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Scottsboro Boys Trial Clippings

Identifier: MC-68

Scope and Contents

This collection documents newspaper media coverage of the Scottsboro Boys Trials, the retrials circa 1936 in Alabama of nine African American teenagers originally accused of raping two White women aboard a train in northern Alabama in 1931. It contains photocopies and original print pages of 1936 editions of the following newspapers: The Chattanooga Times, January 21, 1936 to January 23, 1936; The Birmingham Herald, January 21, 1936 to January 25, 1936; The New York Post, January 21, 1936 to January 24, 1936, The New York Times, January 21, 1936 to January 24, 1936; and The Huntsville Times, January 26, 1936. The collection also contains photocopies and original print clippings from miscellaneous newspapers, July 10, 1936 to July 14, 1936, and two print guides titled, “The Scottsboro Boys Trial HIstoric Route” from the Scottsboro Boys Museum in Scottsboro, Alabama.


  • Creation: 1936-01-21 - 1936-07-14

Conditions Governing Access

This collection is open for research in the Archives & Special Collections reading room. Handling guidelines and use restrictions will be communicated and enforced by archives staff members.

Conditions Governing Use

This material may be protected under U. S. Copyright Law (Title 17, U.S. Code) which governs the making of photocopies or reproductions of copyrighted materials. You may use the digitized material for private study, scholarship, or research. Though the University of Alabama in Huntsville Archives and Special Collections has physical ownership of the material in its collections, in some cases we may not own the copyright to the material. It is the patron's obligation to determine and satisfy copyright restrictions when publishing or otherwise distributing materials found in our collections.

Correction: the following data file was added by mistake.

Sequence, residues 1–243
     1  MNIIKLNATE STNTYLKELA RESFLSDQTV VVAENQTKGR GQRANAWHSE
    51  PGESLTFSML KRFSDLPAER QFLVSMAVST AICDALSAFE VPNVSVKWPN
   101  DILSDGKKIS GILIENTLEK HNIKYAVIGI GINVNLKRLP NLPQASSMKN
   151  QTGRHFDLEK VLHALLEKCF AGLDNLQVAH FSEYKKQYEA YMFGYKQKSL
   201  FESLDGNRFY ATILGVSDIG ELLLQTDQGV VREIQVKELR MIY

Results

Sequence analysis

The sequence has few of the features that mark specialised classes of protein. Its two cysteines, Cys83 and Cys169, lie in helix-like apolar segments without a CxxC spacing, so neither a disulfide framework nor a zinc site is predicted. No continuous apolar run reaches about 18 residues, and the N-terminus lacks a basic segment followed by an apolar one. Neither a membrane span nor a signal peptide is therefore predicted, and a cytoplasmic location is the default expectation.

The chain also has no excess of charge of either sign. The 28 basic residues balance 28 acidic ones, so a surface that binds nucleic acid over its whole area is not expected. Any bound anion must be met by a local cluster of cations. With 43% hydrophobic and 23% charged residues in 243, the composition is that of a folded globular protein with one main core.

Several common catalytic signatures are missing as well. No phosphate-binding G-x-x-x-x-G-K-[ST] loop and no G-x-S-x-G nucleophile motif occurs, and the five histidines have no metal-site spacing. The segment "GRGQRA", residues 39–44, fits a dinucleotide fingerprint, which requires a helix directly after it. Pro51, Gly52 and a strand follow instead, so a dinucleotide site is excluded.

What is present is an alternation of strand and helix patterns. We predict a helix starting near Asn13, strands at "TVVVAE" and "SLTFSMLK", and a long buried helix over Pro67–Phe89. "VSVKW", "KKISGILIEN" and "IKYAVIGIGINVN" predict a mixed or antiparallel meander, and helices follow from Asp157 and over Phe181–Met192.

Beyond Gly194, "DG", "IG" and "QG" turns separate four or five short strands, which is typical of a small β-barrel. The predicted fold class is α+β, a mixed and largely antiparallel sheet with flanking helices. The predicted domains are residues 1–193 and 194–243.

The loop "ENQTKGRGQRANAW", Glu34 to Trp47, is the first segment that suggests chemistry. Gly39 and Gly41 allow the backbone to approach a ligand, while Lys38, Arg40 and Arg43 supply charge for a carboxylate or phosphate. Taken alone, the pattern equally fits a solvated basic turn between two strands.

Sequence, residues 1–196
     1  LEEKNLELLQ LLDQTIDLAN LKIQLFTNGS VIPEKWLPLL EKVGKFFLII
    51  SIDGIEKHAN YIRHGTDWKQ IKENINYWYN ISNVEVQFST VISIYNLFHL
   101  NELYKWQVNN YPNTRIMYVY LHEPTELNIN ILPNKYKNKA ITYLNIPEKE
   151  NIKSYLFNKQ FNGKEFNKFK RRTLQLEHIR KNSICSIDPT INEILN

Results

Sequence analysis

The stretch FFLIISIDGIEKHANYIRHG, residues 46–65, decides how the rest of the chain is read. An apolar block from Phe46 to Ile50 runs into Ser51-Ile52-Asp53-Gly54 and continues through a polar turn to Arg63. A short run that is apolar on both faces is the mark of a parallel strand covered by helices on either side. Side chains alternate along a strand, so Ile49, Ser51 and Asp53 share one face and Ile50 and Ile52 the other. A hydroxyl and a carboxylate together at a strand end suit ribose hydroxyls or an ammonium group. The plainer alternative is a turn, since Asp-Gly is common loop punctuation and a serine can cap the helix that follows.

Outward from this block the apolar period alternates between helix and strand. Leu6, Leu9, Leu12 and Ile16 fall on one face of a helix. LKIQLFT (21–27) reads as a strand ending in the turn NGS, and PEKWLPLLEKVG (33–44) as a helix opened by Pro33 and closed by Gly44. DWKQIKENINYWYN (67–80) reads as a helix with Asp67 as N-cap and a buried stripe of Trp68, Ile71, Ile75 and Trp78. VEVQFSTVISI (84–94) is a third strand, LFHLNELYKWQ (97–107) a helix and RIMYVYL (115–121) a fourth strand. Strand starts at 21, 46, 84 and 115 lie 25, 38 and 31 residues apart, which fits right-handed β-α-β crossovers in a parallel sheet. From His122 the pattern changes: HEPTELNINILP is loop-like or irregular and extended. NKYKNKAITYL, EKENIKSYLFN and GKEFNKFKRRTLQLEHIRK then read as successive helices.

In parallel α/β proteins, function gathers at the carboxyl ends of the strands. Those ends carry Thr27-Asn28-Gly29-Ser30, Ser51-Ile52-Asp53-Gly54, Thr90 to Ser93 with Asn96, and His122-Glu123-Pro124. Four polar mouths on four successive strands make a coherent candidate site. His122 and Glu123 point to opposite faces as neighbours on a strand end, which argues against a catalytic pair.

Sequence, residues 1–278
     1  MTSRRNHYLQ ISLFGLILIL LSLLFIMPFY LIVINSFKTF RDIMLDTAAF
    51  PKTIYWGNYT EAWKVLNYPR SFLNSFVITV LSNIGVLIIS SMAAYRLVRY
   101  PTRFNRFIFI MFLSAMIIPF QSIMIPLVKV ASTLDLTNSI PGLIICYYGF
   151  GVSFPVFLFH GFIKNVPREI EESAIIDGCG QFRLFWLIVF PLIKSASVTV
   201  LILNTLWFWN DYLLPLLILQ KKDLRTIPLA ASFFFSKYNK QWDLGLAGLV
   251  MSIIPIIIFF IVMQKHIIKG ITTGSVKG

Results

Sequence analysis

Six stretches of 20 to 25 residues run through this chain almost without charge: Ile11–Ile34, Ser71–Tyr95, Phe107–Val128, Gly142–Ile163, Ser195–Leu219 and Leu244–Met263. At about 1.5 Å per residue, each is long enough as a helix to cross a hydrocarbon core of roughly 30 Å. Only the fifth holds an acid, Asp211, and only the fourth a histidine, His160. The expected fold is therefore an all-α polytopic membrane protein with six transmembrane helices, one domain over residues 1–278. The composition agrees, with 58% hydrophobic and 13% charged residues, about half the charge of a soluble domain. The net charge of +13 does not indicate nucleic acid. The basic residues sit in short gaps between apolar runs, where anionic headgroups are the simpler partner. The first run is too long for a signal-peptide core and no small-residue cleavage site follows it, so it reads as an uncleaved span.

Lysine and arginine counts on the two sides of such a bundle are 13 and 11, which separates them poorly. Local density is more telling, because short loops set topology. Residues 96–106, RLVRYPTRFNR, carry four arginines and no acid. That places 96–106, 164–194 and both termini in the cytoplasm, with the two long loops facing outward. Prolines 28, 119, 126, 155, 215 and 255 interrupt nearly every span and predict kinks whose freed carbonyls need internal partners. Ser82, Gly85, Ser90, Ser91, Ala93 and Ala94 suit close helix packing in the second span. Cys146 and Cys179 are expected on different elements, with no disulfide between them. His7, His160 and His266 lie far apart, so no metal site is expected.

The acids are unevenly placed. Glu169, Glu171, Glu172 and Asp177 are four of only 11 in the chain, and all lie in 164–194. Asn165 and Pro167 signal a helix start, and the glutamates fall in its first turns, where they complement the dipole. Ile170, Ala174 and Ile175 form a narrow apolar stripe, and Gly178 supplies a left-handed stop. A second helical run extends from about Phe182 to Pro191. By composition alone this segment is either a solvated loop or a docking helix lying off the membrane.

Biographical / Historical

The Scottsboro Boys Trials occurred between April 6, 1931 and April 9, 1931 in Scottsboro, Alabama during the Great Depression and era state-sanctioned racial segregation, also known as Jim Crow. On March 30, 1931 a grand jury in Scottsboro, Alabama indicted nine African American teenage boys, Clarence Norris ( 1912 - 1989), Charles Weems (1911 - ?), Haywood Patterson (1913 - 1952), Olen Montgomery (1914 - ?), Ozie Powell (1916 - ?0), Willie Roberson (1915 - ?), Eugene Williams (1918 - ?), Andrew “Andy” Wright (1912-?), and Leroy “Roy” Wright (1918 - 1959). On March 25, 1931, to evade charges of vagrancy and illegal sexual activity, Victoria Price (1911 - 1982) and Ruby Bates (1915 - 1976), two white women, falsely accused the nine African American teenagers of raping them aboard a Southern Railroad freight train in North Alabama. On April 9, 1931 the judge sentenced eight defendants to death by electrocution and granted 13 year-old Wright a mistrial due to his age. Several retrials followed; however, altogether the Scottsboro Boys served more than 100 years in prison. The trials led to two significant Supreme Court decisions affirming the right to competent counsel in Powell v. Alabama and the right to trial by one’s peers in Norris V. Alabama.


1 Linear foot (1 box (oversize))

Language of Materials


Processing Information

Collections are processed to a variety of levels, depending on the work necessary to make them usable, their perceived research value, the availability of staff, and competing priorities. The library attempts to provide a basic level of preservation and access for all collections as they are acquired, and does more extensive processing of higher priority collections as time and resources permit.

Vaughn Bocchino
Description rules
Describing Archives: A Content Standard
Language of description
Script of description

Repository Details

Part of the The University of Alabama in Huntsville Archives & Special Collections Repository

M. Louis Salmon Library
301 Sparkman Drive
Huntsville, AL 35899 Alabama 35899 United States of America